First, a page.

regulation and surveillance of the development, manufacturing and sale of drugs and other medicinal products. The MPA is a government body under the Ministry of Health and Social Affairs (Läkemedelsverket). One of their main tasks is to register and have surveillance and control of medical devices and their manufactures in Sweden. The manufacturers themselves classify the medical device. For medical devices classified in Class I the manufacturers themselves assess if they fulfil laws and regulations. The manufacturing process however shall be controlled by a third part, often a Notified Body (NB). For medical devices in Class IIa a limited third part assessment is required were certain aspects are assessed. For the medical devices with high risk potential classified in Class IIb and Class III it is required a full third part assessment.

Table 1. Medical device classification

Class Risk MPA Self

assessment NB manu- facturing

Limited NB

NB

Class I Low risk potential

X X X

Class IIa Moderate risk potential

X X

Class IIb High risk potential

X X

Class III Highest risk potential

X X

The software that runs a medical device or affects the use of a device for example surveillance the medical device automatically belongs to the same class as the device. The classification is build up on the risks the human body can be exposed to due to the design, the use or the mode of manufacture of the medical device. It is assigned to the manufacturers, based on the

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Background and related work

regulations [31] to establish in which class the medical device belongs and after that establish which procedure to apply to ensure that all the demands in the regulations are met. The manufacturer carries out the classification of the devices, possibly in cooperation with a Notified Body (third party assessment). The four different classes are:

• Class I: Registration at the MPA. The manufacturer of medical devices in Class I can themselves assess if the devices fulfil all the valid demands (i.e. fulfil laws and regulations) and a Notified Body shall check the manufacturing process. The manufacture, according to the regulations has to establish a technical file and an assurance that there is full compliance with the demands.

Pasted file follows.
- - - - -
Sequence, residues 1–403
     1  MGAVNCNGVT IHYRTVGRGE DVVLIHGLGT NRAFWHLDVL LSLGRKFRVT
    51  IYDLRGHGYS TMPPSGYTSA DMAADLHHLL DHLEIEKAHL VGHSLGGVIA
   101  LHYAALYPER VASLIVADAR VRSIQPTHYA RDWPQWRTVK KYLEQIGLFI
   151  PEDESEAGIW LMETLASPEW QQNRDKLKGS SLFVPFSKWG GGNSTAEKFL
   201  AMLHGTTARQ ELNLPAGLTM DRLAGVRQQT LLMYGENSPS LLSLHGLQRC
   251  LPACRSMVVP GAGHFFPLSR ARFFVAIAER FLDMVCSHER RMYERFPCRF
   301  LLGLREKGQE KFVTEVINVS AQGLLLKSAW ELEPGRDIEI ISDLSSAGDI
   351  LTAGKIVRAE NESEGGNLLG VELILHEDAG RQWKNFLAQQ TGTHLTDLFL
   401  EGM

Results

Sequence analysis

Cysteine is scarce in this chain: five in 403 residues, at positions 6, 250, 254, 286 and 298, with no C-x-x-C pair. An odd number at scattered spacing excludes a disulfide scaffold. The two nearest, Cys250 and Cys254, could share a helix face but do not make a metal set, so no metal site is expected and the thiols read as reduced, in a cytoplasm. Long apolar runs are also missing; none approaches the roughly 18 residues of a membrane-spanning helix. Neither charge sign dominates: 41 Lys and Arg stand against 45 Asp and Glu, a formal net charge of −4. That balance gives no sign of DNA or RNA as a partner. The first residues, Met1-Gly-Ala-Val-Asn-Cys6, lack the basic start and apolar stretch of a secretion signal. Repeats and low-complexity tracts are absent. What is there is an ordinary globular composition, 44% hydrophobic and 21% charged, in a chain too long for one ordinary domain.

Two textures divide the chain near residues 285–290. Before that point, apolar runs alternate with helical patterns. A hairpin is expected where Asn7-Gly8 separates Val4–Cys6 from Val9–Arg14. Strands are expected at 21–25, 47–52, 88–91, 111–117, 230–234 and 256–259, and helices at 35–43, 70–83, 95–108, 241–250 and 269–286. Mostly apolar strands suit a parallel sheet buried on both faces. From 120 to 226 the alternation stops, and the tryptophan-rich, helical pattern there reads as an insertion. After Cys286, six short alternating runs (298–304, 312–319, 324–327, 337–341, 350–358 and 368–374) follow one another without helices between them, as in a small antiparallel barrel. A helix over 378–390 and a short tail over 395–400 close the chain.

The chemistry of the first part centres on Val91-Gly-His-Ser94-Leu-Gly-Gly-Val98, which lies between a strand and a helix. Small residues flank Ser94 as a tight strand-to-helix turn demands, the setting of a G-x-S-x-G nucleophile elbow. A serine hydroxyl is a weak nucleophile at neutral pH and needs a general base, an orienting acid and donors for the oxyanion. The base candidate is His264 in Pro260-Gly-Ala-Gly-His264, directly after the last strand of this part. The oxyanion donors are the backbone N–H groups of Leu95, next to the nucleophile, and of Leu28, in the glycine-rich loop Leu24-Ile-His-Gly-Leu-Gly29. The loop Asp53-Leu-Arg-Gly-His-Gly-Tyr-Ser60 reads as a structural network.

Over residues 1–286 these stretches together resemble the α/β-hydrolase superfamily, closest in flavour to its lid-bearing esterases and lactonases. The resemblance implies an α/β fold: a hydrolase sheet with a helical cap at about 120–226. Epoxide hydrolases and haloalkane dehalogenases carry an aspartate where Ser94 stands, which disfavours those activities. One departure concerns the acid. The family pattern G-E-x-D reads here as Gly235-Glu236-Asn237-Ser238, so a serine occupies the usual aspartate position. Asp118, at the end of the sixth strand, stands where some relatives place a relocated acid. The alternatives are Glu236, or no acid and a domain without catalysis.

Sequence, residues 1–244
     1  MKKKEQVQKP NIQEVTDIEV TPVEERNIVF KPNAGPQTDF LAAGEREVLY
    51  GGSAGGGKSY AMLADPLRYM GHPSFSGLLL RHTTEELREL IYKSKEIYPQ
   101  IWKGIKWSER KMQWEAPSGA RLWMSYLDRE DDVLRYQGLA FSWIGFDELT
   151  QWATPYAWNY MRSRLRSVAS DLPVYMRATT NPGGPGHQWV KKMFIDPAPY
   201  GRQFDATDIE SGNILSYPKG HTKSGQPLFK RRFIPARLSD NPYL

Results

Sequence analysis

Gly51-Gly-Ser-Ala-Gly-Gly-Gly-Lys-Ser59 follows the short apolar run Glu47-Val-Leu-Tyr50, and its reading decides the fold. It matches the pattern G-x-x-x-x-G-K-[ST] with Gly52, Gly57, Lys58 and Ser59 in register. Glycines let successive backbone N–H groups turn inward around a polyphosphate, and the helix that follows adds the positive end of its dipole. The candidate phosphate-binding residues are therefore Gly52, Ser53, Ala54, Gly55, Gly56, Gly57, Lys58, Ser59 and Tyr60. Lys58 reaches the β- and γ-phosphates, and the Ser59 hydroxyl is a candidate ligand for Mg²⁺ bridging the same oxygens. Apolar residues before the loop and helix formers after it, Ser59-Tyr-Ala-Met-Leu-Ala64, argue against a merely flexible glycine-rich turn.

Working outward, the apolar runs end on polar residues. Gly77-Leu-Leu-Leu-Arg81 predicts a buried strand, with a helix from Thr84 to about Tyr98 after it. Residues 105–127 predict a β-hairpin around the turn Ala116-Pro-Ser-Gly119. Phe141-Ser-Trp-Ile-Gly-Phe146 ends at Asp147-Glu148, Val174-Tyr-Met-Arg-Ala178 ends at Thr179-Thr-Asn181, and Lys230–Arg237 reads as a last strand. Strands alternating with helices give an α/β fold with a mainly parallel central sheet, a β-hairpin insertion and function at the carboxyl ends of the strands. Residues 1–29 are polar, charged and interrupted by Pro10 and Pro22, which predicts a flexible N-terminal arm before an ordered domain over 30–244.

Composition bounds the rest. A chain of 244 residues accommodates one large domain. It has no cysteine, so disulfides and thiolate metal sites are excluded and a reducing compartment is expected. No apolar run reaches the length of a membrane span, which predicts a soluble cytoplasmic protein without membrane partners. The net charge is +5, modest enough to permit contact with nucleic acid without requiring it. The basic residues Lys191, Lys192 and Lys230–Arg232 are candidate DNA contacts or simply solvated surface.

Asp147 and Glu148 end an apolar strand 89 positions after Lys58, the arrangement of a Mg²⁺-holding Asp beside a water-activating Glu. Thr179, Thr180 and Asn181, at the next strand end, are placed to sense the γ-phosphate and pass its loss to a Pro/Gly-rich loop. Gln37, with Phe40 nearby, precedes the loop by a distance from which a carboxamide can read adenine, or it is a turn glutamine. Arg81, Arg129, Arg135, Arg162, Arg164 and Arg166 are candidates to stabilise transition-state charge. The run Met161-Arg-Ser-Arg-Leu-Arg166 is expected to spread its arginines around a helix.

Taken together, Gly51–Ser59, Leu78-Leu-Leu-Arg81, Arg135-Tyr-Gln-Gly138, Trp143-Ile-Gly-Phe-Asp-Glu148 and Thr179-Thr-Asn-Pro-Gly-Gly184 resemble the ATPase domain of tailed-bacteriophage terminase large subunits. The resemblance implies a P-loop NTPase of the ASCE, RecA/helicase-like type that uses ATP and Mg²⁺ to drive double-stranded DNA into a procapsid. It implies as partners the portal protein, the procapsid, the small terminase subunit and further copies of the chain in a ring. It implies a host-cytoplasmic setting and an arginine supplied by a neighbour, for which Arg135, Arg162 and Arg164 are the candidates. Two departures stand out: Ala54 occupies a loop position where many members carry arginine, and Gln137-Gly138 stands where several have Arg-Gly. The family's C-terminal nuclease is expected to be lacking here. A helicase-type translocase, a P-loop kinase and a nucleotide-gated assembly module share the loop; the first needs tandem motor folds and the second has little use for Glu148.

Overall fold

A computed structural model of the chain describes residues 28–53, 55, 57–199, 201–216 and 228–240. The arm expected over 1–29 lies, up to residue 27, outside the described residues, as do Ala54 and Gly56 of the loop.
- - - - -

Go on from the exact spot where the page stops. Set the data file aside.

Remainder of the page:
This documentation must be preserved at least five years after the production of the device have been closed down. If the manufacture has a registered place of business in Sweden the manufacture has to register their medical devices at MPA. MPA will issue confirmation of registration in the form of a Certificate of Registration that allows the device/s to be placed on the market. The registration will convey an annual fee. Class I is comprised of the least dangerous devices and is the largest group.

• Class IIa: Limited third party assessment is required;

Class IIa requires assessment by a Notified Body for certain aspects. This can be done in two ways depending on what the manufacture choose. The first way is that the manufacturer declares that the device is in conformity with the essential requirements. After that the Notified Body performs a type-examination of products and/or batches or certifies the quality assurance system for manufacturing and/or final inspection. The second way is that the Notified Body certifies that the manufacturer’s has done their work, an application for registration of the

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company and the devices are sent to the Medical Products Agency.

• Class IIb and Class III: Third party assessment required.